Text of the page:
Effectiveness: What can you measure?

It is sometimes difficult to directly measure, in the context of a single business, if something you are doing is working well or not working. The impact often is downstream, and hard to isolate from all the other changes and activities going on.

Fortunately, there is research that supports predictive correlations between upstream changes that are hard to measure and downstream effects that are directly measurable.

Accelerate lays out these relationships, which are based on multiple years of experience.

This excellent summary chart (shown again here) lays out the predictive relationships that were uncovered by the research.

Understanding The Diagram

Each box in this diagram is a construct, which means a phenomenon that is hard to measure directly. However, constructs can be measured by measuring parts that we believe make up the construct. (Here’s a relatively simple primer on constructs.)

The constructs were shown to be reliable and valid, in that survey respondents understood survey items similarly, and that the survey items correlated with one another in cluster analysis, and that they were not unintentionally related to some other construct. (Interestingly, Change Failure Rate did not cluster with Lead Time, Deployment Frequency, or Mean Time To Restore, so it was left out of the construct Software Delivery Performance).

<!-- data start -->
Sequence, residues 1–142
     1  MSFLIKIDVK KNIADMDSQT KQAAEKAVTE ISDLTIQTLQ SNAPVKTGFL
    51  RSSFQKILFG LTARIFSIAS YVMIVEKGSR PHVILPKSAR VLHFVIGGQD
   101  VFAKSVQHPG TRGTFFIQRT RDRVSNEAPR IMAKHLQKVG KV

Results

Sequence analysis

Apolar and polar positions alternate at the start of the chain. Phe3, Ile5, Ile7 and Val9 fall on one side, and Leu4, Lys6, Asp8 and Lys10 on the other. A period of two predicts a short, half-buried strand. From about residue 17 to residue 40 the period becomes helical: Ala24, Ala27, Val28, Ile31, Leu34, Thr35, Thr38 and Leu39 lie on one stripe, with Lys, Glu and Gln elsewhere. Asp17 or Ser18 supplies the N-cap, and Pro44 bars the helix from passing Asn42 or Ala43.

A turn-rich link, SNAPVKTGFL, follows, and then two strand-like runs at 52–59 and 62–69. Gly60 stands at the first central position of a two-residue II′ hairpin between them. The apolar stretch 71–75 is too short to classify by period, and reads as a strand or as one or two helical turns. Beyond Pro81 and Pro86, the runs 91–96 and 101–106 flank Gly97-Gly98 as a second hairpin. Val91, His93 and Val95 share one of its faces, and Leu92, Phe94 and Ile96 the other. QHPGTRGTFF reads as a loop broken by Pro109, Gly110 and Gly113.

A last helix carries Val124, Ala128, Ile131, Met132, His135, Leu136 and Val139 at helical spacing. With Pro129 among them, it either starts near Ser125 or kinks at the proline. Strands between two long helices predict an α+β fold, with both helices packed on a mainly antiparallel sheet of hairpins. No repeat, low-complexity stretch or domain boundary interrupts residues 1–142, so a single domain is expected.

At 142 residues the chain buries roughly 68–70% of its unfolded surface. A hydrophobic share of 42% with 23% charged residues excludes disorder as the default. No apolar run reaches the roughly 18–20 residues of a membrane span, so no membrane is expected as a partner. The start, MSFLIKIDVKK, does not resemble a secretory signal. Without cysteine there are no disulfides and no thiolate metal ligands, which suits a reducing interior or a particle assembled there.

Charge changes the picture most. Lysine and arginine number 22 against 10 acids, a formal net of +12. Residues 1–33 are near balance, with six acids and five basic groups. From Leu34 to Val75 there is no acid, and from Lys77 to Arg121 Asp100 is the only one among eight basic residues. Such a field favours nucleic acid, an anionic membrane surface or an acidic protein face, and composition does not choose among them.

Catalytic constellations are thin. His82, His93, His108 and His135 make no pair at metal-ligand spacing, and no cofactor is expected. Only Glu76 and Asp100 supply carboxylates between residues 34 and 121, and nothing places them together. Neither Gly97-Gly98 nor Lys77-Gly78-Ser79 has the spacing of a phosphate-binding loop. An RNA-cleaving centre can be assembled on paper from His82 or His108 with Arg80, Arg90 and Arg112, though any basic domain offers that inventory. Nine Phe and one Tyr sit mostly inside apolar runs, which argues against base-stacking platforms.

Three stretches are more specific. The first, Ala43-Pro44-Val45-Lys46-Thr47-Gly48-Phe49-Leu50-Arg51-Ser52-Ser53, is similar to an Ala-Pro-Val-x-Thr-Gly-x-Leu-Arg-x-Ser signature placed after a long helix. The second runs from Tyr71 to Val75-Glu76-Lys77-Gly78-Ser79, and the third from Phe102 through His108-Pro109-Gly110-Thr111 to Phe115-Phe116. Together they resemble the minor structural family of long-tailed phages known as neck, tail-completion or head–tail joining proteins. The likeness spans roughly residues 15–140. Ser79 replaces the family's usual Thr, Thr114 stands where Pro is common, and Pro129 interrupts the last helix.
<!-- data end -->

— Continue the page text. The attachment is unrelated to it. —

Arrows in this diagram indicate a predictive correlative relationship. For example, Westrum Organizational Performance is predictively correlated with both Software Delivery Performance and Organizational Performance.

Okay, so what does this tell us?

There is a clear predictive relationship between Continuous Delivery -> Culture -> Software Delivery Performance -> Organizational Performance.

Therefore, if we do not have good software delivery performance, our culture is likely not optimal for organizational performance.

Software Delivery Performance, which is easy to measure, can be a proxy to see what is working upstream in our diagram of relationships.

By focusing on improving Software Delivery Performance we can impact the entire organization.

And also, even if we do not affect anything upstream, Software Delivery Performance still predicts Organizational Performance.

That means that we know what to measure that has an extremely high likelihood of impact, and everything else can be monitored as lagging indicators to ensure that we are having the impact we think we are having.

1 Comment Effectiveness: What can you measure?

  1. Pingback: Improving Software Delivery Transforms Culture | Max Summe

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